Backflow Prevention

Cross Connection and Backflow Prevention

The Basics

What is Backflow?

Water systems depend on water pressure to keep water flowing in the proper direction from the source through the pipes to your tap. However, anything that causes a drop in water pressure, such as a water main break or heavy use during a fire, can create a reverse flow from the customer’s plumbing system back into the public water system. This is called backflow.

Backflow can also occur when the customer’s water system has a higher pressure than the public water system. The water flowing backward could contain something that might contaminate the drinking water supply.

What is a Cross Connection?

A cross connection is a connection between drinking water (also known as potable water) and other water or fluids of unknown quality (also known as non-potable water).

To prevent against cross connection, backflow preventers are installed to stop the backflow of contaminated water into the drinkable water supply.

What Are Some Common Cross Connections?

Examples of common cross connections that require backflow protection:

Fire sprinkler systems Properties having water wells
Lawn irrigation systems Boiler units
Swimming pools, spas, and hot tubs Hospitals and Medical Clinics
Utility sinks with threaded faucets Industrial facilities
Fertilizer injection equipment  Beverage machines using carbon dioxide

Backflow Prevention Assemblies and Installation

What Are the Standards For Backflow Assembly Installation?

McMinnville Water and Light Installation Specifications can be found here.

What Is Required For A Lawn Irrigation System?

If you are planning to install a lawn irrigation system, please be aware that all irrigation systems must have approved backflow protection. A permit is also required, and is obtained through the City of McMinnville Building Division, 231 NE 5th Street, McMinnville.

The following State approved backflow assemblies are allowed for installation on a lawn sprinkler system per the City of McMinnville and McMinnville Water & Light standards:

  • Pressure Vacuum Breaker Assembly (PVB)
  • Double Check Valve Assembly (DC)
  • Reduced Pressure Backflow Assembly (RP)
  • Atmospheric Vacuum Breaker (AVB)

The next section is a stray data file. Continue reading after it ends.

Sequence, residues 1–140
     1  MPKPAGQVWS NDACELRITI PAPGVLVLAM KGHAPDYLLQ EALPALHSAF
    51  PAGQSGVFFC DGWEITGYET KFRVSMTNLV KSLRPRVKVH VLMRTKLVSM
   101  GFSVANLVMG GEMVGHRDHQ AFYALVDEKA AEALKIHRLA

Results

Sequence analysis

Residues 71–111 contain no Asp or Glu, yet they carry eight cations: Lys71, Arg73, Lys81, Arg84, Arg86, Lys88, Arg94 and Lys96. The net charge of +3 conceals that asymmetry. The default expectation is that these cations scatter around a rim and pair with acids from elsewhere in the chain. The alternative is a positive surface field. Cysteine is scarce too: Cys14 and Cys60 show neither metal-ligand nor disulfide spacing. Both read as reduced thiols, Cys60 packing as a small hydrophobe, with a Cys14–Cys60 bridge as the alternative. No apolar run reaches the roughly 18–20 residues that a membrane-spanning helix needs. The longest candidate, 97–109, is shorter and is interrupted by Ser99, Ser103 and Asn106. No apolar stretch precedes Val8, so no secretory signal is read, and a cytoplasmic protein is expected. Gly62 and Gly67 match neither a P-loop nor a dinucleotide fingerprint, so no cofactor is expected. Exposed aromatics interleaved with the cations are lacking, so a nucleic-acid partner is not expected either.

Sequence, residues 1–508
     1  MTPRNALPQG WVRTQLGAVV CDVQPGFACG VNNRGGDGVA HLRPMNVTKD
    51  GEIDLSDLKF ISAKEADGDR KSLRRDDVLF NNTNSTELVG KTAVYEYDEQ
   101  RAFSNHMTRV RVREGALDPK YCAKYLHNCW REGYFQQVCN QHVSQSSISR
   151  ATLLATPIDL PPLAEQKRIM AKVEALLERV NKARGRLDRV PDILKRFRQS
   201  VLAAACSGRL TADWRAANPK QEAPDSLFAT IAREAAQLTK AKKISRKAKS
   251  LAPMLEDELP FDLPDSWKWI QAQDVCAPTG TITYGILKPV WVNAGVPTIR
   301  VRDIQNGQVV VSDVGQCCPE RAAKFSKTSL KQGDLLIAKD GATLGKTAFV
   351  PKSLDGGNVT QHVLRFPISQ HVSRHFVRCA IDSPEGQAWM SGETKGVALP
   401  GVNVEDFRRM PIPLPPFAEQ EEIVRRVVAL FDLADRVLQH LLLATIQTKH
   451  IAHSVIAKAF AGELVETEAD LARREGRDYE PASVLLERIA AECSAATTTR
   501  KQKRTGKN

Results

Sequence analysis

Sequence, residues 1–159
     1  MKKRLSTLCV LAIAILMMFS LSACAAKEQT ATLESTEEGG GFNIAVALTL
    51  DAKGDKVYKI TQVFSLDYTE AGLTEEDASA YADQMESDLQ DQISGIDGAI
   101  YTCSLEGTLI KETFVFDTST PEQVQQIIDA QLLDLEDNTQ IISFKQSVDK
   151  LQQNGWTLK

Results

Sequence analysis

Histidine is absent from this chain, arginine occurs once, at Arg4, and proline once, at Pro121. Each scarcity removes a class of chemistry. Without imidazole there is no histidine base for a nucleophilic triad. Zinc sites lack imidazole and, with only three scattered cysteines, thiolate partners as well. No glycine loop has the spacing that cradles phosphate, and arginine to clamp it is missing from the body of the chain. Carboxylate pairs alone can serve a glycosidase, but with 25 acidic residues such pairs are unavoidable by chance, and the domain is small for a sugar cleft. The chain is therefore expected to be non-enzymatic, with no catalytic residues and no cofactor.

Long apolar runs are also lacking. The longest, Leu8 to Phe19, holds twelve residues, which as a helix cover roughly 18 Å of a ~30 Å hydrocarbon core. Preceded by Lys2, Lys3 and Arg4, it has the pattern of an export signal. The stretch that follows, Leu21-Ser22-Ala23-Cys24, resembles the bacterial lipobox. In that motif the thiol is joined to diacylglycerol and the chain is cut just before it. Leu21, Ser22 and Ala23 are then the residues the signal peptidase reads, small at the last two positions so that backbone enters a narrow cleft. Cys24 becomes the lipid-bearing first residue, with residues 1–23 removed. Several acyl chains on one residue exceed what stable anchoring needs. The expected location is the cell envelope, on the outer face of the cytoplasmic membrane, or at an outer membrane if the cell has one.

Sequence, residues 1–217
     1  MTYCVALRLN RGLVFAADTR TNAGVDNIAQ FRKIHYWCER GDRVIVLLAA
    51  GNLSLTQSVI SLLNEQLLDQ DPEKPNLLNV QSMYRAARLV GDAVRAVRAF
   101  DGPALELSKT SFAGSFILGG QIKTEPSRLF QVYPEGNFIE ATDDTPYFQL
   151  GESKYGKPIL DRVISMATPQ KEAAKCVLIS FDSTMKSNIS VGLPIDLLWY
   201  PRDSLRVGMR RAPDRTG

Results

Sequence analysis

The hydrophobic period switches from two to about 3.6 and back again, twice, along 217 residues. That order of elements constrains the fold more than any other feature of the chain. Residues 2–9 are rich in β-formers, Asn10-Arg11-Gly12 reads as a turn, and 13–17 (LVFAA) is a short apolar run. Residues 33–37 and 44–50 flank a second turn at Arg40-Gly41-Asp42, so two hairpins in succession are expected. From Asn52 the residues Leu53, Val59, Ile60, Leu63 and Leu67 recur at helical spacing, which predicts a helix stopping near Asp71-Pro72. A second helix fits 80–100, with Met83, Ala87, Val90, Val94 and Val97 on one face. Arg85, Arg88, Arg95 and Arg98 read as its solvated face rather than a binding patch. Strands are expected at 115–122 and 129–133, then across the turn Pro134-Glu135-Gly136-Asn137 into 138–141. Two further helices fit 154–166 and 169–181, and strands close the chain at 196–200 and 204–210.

The RP will be the only option available, if installing a lawn irrigation system with chemical injection capabilities.

The PVB, DC and RP must be tested by a Certified Backflow Tester upon installation and yearly thereafter. The AVB is the only backflow prevention device that does not require annual testing; however, it must be inspected by the City of McMinnville and meet all installation requirements.

A description of the PVBA, DCVA, and AVB can be found here.

What Do Backflow Assemblies Look Like?

Pictures of different backflow assemblies can be seen here (download pdf).


What Are The Annual Testing Requirements?

Per Oregon Administrative Rule (OAR) 333-061-0070 and McMinnville Water and Light Policy, all approved backflow prevention assemblies must be maintained and tested at least annually to protect the public water system.

Who Can Test?

Backflow assemblies must be inspected once a year by a certified backflow tester to ensure proper operation. A list of testers who test in McMinnville can be found here.  The assembly must function properly to pass the test.

Laboratory tests on all approved backflow prevention assemblies indicate that some components may fail in time, and periodic testing is the only method to ensure that the backflow prevention assembly is functioning properly and protecting the public water system.

More Resources

Contact Us

If you have any questions concerning certified testers, backflow installations, or approved backflow prevention assemblies please call us at (503) 435-3118.